The bill, drafted by the Polish Ministry of Culture, could allow the dismantlement and removal of monuments in Poland dedicated to foreign powers. It will be submitted to the country's parliament Monday.
"Under other circumstances, the bill before Polish lawmakers, could be considered harmless as no state should allow monuments that glorify defeat at the hands of another country," Konstantin Kosachyov, chairman of the State Duma International Affairs Committee, said.
But he said the memorials, which may be subject to the draft law "could be monuments symbolizing not just defeat, but the common victory of Poland, the Soviet people and those of the anti-Hitler coalition over the common enemy, namely the Nazis."
Kosachyov added he hoped that Polish lawmakers would find the courage to reject the bill and in future would discuss any concerns or issues with those countries, who have links to the monuments.
Kosachyov's words of caution come shortly after April 27, when Estonian authorities removed a memorial commemorating Soviet soldiers, who fought against Nazi Germany during WWII, from central Tallinn, the capital of Estonia, to the city's outskirts.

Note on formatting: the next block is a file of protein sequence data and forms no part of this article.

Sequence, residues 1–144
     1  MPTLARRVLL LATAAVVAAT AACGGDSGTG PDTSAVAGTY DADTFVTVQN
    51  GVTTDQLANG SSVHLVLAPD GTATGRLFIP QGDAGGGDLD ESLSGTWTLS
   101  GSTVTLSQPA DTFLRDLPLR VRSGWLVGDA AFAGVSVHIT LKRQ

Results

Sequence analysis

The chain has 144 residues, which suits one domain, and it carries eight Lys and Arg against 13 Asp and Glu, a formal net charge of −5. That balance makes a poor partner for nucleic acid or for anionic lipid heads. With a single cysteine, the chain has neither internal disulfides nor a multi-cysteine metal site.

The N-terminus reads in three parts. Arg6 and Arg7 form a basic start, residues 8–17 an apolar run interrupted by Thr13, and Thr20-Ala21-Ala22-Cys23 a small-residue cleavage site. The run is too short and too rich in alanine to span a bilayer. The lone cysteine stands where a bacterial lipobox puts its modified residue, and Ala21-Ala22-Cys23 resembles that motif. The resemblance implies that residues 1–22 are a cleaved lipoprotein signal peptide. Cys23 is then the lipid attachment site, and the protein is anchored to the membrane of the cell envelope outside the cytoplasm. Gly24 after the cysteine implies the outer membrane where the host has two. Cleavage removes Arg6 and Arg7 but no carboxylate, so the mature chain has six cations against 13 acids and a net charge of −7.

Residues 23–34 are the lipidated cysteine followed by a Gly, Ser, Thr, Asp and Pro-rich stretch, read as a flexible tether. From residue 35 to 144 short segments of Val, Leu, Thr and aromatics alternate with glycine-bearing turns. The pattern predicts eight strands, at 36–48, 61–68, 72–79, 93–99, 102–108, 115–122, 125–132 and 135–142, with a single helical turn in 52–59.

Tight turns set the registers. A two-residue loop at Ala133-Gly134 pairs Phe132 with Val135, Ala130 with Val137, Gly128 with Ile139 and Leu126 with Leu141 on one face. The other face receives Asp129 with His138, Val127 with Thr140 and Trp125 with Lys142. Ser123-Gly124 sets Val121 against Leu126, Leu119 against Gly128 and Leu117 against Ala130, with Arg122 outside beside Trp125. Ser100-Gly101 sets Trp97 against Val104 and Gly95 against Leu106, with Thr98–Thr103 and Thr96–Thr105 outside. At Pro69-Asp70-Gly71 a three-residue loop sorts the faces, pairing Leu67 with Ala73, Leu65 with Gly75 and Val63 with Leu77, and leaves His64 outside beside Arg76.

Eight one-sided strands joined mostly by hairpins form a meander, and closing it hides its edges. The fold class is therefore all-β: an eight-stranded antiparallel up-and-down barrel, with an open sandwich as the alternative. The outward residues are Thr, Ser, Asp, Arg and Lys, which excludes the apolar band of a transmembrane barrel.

The controversial relocation sparked protests among members of Estonia's Russian community in Tallinn, where one Russian national was killed and more than a hundred injured in clashes with police. The move also angered officials in Moscow, who described it as an act of blasphemy.
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Any anti-ISIL operation in Iraq cannot be effective unless the Islamic State is attacked in Syria. But the final statement of the Paris Conference did not mention Syria as a precaution against disunity in the coalition and with due regard for the Russian position. Professor of the Chair of Modern East Department of History, Political Science and Law in RSUH